21:14 This is why it is said in the Book of the Wars of the Lord,
“Waheb in Suphah 1 and the wadis,
21:17 Then Israel sang 2 this song:
“Spring up, O well, sing to it!
which the leaders of the people opened
with their scepters and their staffs.”
And from the wilderness they traveled to Mattanah;
21:27 That is why those who speak in proverbs 4 say,
“Come to Heshbon, let it be built.
Let the city of Sihon be established! 5
21:28 For fire went out from Heshbon,
a flame from the city of Sihon.
It has consumed Ar of Moab
and the lords 6 of the high places of Arnon.
21:29 Woe to you, Moab.
You are ruined, O people of Chemosh! 7
He has made his sons fugitives,
and his daughters the prisoners of King Sihon of the Amorites.
Heshbon has perished as far as Dibon.
We have shattered them as far as Nophah,
which 9 reaches to Medeba.”
1 tc The ancient versions show a wide variation here: Smr has “Waheb on the Sea of Reeds,” the Greek version has “he has set Zoob on fire and the torrents of Arnon.” Several modern versions treat the first line literally, taking the two main words as place names: Waheb and Suphah. This seems most likely, but then there would then be no subject or verb. One would need something like “the Israelites marched through.” The KJV, following the Vulgate, made the first word a verb and read the second as “Red Sea” – “what he did in the Red Sea.” But subject of the passage is the terrain. D. L. Christensen proposed emending the first part from אֶת וָהֵב (’et vahev) to אַתָּה יְהוָה (’attah yehvah, “the
2 tn After the adverb “then” the prefixed conjugation has the preterite force. For the archaic constructions, see D. N. Freedman, “Archaic Forms in Early Hebrew Poetry,” ZAW 72 (1960): 101-7. The poem shows all the marks of being ancient.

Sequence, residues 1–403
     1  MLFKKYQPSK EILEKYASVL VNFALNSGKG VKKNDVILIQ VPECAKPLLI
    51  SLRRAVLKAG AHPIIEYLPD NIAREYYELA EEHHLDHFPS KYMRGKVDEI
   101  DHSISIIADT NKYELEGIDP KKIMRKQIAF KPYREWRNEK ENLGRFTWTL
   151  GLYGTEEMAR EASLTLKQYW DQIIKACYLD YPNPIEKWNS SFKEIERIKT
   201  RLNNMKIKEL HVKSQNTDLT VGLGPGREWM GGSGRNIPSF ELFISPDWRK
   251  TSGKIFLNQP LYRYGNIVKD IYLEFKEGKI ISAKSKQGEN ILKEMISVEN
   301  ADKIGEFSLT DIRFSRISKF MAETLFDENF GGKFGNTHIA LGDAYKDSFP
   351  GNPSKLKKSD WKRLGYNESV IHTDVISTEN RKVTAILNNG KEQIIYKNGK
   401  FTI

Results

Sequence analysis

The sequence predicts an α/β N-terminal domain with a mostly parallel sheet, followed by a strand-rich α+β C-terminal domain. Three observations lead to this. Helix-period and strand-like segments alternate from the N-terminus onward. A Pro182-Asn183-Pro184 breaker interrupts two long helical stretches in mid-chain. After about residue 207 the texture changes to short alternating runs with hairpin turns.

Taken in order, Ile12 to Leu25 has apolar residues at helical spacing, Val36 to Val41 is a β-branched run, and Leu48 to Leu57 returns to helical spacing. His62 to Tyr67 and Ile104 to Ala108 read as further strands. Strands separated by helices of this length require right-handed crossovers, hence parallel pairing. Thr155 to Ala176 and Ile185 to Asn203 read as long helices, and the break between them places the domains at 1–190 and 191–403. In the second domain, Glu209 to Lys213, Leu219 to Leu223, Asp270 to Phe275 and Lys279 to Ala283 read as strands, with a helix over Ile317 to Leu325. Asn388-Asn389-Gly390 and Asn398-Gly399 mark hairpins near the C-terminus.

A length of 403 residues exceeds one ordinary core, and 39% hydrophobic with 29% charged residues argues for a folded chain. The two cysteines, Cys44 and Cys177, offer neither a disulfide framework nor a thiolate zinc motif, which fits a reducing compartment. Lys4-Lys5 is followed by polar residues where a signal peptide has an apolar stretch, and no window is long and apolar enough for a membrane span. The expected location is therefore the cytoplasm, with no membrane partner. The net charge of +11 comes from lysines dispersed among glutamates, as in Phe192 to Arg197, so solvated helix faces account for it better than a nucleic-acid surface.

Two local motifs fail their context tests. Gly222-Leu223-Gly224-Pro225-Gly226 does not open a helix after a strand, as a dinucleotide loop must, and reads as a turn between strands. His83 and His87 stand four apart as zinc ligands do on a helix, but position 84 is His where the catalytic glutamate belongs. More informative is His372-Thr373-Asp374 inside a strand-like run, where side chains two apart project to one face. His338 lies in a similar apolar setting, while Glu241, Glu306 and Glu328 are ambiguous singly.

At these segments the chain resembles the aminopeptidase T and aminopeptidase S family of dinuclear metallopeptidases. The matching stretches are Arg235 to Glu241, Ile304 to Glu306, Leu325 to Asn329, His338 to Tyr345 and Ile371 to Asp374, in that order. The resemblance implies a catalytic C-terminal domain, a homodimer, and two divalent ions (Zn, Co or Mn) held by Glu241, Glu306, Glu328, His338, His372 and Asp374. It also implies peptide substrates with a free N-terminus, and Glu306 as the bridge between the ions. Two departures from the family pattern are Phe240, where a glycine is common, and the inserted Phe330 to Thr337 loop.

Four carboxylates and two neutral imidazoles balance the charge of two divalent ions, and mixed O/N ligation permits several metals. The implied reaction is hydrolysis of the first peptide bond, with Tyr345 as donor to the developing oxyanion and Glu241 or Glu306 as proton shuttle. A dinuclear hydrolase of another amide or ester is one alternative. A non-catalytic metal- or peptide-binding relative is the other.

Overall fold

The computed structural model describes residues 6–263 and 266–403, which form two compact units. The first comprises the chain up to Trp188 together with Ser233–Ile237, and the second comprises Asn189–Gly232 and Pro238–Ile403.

3 sn The brief song is supposed to be an old workers’ song, and so the mention of leaders and princes is unusual. Some think they are given credit because they directed where the workers were to dig. The scepter and staff might have served some symbolic or divining custom.
4 sn Proverbs of antiquity could include pithy sayings or longer songs, riddles, or poems composed to catch the significance or the irony of an event. This is a brief poem to remember the event, like an Egyptian victory song. It may have originated as an Amorite war taunt song; it was sung to commemorate this victory. It was cited later by Jeremiah (48:45-46). The composer invites his victorious people to rebuild the conquered city as a new capital for Sihon. He then turns to address the other cities which his God(s) has/have given to him. See P. D. Hanson, “The Song of Heshbon and David’s Nir,” HTR 61 (1968): 301.
5 tn Meaning, “rebuilt and restored.”
6 tc Some scholars emend to בָּלְעָה (bal’ah), reading “and devoured,” instead of בַּעֲלֵי (ba’aley, “its lords”); cf. NAB, NRSV, TEV. This emendation is closer to the Greek and makes a better parallelism, but the MT makes good sense as it stands.
7 sn The note of holy war emerges here as the victory is a victory over the local gods as well as over the people.
8 tc The first verb is difficult. MT has “we shot at them.” The Greek has “their posterity perished” (see GKC 218 §76.f).
9 tc The relative pronoun “which” (אֲשֶׁר, ’asher) posed a problem for the ancient scribes here, as indicated by the so-called extraordinary point (punta extraordinaria) over the letter ר (resh) of אֲשֶׁר. Smr and the LXX have “fire” (אֵשׁ, ’esh) here (cf. NAB, NJB, RSV, NRSV). Some modern scholars emend the word to שֹׁאָה (sho’ah, “devastation”).